Progressivism and the Nation-State

Tyler Cowen’s characteristically generous description of progressivism describes me pretty well, especially point three (“Determinism holds and tales of capitalist meritocracy are an illusion”). But I would be interested in seeing more discussion among liberals of point eight:

We should support free trade, more immigration, and more foreign aid, but the nation-state will remain the fundamental locus for redistribution. That means helping the poor at home more than abroad; a decision to do otherwise would destroy political equilibrium and make everyone worse off.

See, I agree with this as far as it goes. If instead of proposing spending one trillion dollars over ten years on universal health care for Americans, Congressional Democrats were debating spending that money on foreign aid, they would have no hope as a viable political movement. I’ve accepted that putting together a domestic welfare state is the most utility-enhancing thing we can do within current political constraints, and so onward we charge.

But I’m also convinced that this is a far from ideal situation. What would be ideal is a world sovereign with the power to redistribute globally. Obviously, a federal system wherein nation-states retained some power akin to that of American states would be required as a check against tyranny, but if some institution were able to redistribute massive amounts of American, European, Japanese, etc. money to development projects Africa, Southeast Asia, etc., we’d be doing a whole lot better. Sure, a lot of it would go to corrupt local regimes, but (1) a federal sovereign with its own ability to prosecute criminals would be able to keep that in check better than the current regime and (2) surely if one redistributes a truly huge amount of money, enough of it will get to the impoverished to substantially improve their welfare, get them spending and thus get the economy growing, even if corruption gobbles up a decent chunk of it. Of course, having a global sovereign would have all kinds of other salutary impacts (easier international coordination, fewer wars, global unionization, etc.) but redistribution is enough reason for a world state on its own.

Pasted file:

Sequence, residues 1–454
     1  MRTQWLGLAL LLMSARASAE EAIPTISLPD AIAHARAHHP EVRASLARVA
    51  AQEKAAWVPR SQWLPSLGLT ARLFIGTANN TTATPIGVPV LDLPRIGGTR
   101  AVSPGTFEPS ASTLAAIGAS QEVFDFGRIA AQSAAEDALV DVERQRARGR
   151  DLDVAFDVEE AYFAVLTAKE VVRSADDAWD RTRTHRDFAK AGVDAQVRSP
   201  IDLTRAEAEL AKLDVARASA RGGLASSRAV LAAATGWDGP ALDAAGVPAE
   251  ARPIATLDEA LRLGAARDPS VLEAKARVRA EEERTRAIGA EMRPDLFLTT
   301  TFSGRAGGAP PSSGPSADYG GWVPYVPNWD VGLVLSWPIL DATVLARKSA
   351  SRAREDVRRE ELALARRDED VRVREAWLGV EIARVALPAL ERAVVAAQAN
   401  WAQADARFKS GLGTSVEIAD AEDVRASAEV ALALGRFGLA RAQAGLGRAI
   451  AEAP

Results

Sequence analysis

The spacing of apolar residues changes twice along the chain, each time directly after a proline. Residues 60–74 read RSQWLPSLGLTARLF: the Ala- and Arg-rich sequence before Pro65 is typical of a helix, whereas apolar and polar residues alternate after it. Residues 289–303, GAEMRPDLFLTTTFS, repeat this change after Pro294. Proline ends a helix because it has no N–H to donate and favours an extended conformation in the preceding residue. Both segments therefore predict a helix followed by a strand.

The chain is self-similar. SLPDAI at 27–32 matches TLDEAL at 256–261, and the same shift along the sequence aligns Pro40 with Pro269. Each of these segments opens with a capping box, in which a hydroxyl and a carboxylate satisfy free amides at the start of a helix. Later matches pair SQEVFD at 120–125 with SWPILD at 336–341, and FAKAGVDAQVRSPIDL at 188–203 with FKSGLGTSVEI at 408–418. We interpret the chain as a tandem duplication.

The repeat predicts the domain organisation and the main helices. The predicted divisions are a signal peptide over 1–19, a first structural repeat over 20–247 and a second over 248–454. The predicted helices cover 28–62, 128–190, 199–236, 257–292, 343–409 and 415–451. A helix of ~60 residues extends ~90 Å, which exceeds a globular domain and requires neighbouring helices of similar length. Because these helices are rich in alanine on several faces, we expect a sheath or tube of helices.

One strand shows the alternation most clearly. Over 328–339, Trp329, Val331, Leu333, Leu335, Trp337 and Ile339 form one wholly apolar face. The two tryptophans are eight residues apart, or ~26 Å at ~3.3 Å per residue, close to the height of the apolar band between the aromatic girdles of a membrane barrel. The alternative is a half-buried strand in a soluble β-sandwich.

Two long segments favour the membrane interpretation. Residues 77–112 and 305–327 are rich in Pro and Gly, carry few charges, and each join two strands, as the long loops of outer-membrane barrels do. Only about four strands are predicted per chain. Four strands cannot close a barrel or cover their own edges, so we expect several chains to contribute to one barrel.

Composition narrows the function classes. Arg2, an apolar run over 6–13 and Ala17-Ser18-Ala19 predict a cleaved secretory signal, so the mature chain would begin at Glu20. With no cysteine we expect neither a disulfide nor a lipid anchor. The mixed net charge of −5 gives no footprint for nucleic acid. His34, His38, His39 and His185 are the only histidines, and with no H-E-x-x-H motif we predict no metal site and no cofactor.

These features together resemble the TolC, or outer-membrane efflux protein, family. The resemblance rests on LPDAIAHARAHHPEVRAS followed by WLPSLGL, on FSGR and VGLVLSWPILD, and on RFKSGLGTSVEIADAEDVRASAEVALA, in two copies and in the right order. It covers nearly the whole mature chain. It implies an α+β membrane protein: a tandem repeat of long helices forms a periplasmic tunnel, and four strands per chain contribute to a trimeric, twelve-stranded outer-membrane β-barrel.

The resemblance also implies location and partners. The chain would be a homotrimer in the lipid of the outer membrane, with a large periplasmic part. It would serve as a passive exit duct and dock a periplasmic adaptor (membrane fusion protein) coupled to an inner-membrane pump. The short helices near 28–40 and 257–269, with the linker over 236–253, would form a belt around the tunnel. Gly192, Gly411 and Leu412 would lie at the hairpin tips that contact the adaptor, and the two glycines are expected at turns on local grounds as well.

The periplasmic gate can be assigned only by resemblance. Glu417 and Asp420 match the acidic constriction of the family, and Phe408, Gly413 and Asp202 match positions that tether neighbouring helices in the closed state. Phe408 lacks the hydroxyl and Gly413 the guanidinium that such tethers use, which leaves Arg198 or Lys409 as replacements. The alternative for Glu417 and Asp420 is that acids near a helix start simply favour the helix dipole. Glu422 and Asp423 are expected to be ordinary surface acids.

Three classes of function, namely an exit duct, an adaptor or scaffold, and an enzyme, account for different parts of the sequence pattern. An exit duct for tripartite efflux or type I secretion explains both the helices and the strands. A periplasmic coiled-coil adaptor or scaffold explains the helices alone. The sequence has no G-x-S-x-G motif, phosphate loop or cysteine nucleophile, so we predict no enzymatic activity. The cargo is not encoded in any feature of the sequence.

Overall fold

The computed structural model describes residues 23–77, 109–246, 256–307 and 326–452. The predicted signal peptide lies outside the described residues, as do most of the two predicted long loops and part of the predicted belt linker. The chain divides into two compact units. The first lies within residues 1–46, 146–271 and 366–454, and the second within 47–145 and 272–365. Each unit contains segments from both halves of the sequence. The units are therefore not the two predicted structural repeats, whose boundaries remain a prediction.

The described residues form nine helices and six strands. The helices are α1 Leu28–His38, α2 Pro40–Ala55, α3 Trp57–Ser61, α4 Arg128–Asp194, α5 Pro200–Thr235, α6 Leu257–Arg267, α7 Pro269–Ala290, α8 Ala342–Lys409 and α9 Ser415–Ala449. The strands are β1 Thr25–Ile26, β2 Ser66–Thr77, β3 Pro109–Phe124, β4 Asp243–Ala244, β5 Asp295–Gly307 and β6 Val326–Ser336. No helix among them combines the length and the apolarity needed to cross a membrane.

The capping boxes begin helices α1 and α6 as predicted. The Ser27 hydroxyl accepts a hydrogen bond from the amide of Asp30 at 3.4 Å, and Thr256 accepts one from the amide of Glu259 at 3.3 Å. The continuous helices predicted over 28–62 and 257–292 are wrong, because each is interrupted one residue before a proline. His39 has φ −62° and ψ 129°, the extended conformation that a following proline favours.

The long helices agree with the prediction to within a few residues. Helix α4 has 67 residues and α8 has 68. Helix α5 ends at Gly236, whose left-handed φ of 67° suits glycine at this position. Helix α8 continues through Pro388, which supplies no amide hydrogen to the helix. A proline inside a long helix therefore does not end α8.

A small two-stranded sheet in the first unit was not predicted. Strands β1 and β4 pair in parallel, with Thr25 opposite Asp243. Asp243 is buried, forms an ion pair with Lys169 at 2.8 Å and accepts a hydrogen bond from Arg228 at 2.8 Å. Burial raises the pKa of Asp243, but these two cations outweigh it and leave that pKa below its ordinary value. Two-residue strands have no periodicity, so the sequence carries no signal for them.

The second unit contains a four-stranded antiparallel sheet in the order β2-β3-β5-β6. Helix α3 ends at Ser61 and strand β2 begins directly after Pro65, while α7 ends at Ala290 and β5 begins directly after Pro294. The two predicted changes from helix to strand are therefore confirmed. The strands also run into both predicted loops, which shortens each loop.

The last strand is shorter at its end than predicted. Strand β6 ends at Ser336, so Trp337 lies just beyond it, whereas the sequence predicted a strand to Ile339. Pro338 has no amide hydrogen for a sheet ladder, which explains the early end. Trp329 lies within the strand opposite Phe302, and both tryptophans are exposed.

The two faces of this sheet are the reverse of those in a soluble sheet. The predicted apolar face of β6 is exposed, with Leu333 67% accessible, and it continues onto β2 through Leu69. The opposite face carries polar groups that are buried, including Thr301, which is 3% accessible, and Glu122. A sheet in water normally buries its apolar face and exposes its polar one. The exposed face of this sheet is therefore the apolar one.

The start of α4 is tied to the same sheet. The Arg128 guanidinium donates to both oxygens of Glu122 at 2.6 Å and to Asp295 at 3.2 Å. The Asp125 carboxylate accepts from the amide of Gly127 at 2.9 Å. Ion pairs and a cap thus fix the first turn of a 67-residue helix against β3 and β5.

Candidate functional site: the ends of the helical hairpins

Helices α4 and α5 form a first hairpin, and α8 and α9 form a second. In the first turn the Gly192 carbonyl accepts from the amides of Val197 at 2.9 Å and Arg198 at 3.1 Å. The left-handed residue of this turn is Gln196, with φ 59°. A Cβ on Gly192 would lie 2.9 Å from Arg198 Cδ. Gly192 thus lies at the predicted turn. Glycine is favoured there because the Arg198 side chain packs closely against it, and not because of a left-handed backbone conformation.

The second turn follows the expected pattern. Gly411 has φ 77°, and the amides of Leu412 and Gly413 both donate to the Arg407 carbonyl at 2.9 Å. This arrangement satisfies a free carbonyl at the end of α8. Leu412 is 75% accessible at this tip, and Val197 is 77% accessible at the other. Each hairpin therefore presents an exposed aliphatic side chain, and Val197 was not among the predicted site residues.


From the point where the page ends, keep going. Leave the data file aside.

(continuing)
Now, this is somewhat similar to a debate that has occurred within academic global justice circles, with Peter Singer taking something close to my view and Thomas Scanlon, among others, responding, and David Miller and John Rawls have defended varying levels of national bias in redistribution. That debate was slightly different, in that Singer was arguing that in our presently existing world it’s morally incumbent to donate to Oxfam or UNICEF, which I’m considerably more skeptical of than he is, and there are fewer references to a world state than I’d like. But regardless, there’s a pretty good literature that’s very relevant to the question of what the ideal level global economic redistribution would be.

In any case, there really ought to be more debate on this within non-academic circles. While a world state isn’t politically viable now, I could see it happening (and certainly hope it happens) before the century is out, and there are concrete things we should be doing (coalescing current institutions, making them more democratically accountable, giving them real sovereign powers, creating a UN standing army, etc.), which have real support around the world, that would help lead to one. If we’re going to have any energy behind those steps, people need to start at least talking about this as a pathway we can embark upon.

3 thoughts on “Progressivism and the Nation-State

  1. I agree completely, even with Cowen’s points about free trade (anathema to much of the left).
    It is interesting to me how much this all sounds like Bill Clinton’s platform circa 1992 (and not coincidentally rhymes with Obama’s 2008 campaign themes).
    I agree that some day we should work towards a world government, but in order for it to be functionally democratic (or functional at all), we need to drastically raise living standards for everyone. But getting there is really hard. It is difficult to be hopeful about that when we can’t even give all Americans a basic level of security. IMO, Getting to a national healthcare system here at home would be a big first step toward these goals.
    But on a larger scale, we need to make sure that we can continue to disprove Malthus. If we can’t, then there need to be lots of suffering people in the world to maintain our standard of living here at the top. My hope is that freer trade and immigration standards can make that more possible, more quickly.

  2. You should take a look at Amartya Sen’s new book, The Idea of Justice. It is Sen’s first comprehensive account of his critique of Rawls, his mentor. He argues that global justice does not require a global government, for too many reasons to list here. On your side of the argument, some of the most persuasive advocacy for the necessity of a global government to dispense global justice comes from the philosopher Thomas Nagel.

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